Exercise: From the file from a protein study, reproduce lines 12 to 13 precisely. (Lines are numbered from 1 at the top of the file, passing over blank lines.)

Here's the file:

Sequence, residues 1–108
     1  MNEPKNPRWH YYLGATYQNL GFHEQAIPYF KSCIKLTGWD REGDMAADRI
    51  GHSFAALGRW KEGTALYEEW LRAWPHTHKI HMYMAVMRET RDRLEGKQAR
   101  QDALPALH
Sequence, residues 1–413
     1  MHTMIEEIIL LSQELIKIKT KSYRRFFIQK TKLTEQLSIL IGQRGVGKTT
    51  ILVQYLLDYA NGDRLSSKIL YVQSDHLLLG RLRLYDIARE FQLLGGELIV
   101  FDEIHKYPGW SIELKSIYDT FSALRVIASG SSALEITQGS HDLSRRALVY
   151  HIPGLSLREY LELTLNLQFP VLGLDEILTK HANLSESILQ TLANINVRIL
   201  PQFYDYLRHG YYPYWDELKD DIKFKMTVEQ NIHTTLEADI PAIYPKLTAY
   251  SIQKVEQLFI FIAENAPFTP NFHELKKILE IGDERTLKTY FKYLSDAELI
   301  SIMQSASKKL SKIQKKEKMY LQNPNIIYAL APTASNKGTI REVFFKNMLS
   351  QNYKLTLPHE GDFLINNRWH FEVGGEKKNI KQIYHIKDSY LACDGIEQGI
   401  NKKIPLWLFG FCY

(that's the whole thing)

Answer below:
   301  SIMQSASKKL SKIQKKEKMY LQNPNIIYAL APTASNKGTI REVFFKNMLS
   351  QNYKLTLPHE GDFLINNRWH FEVGGEKKNI KQIYHIKDSY LACDGIEQGI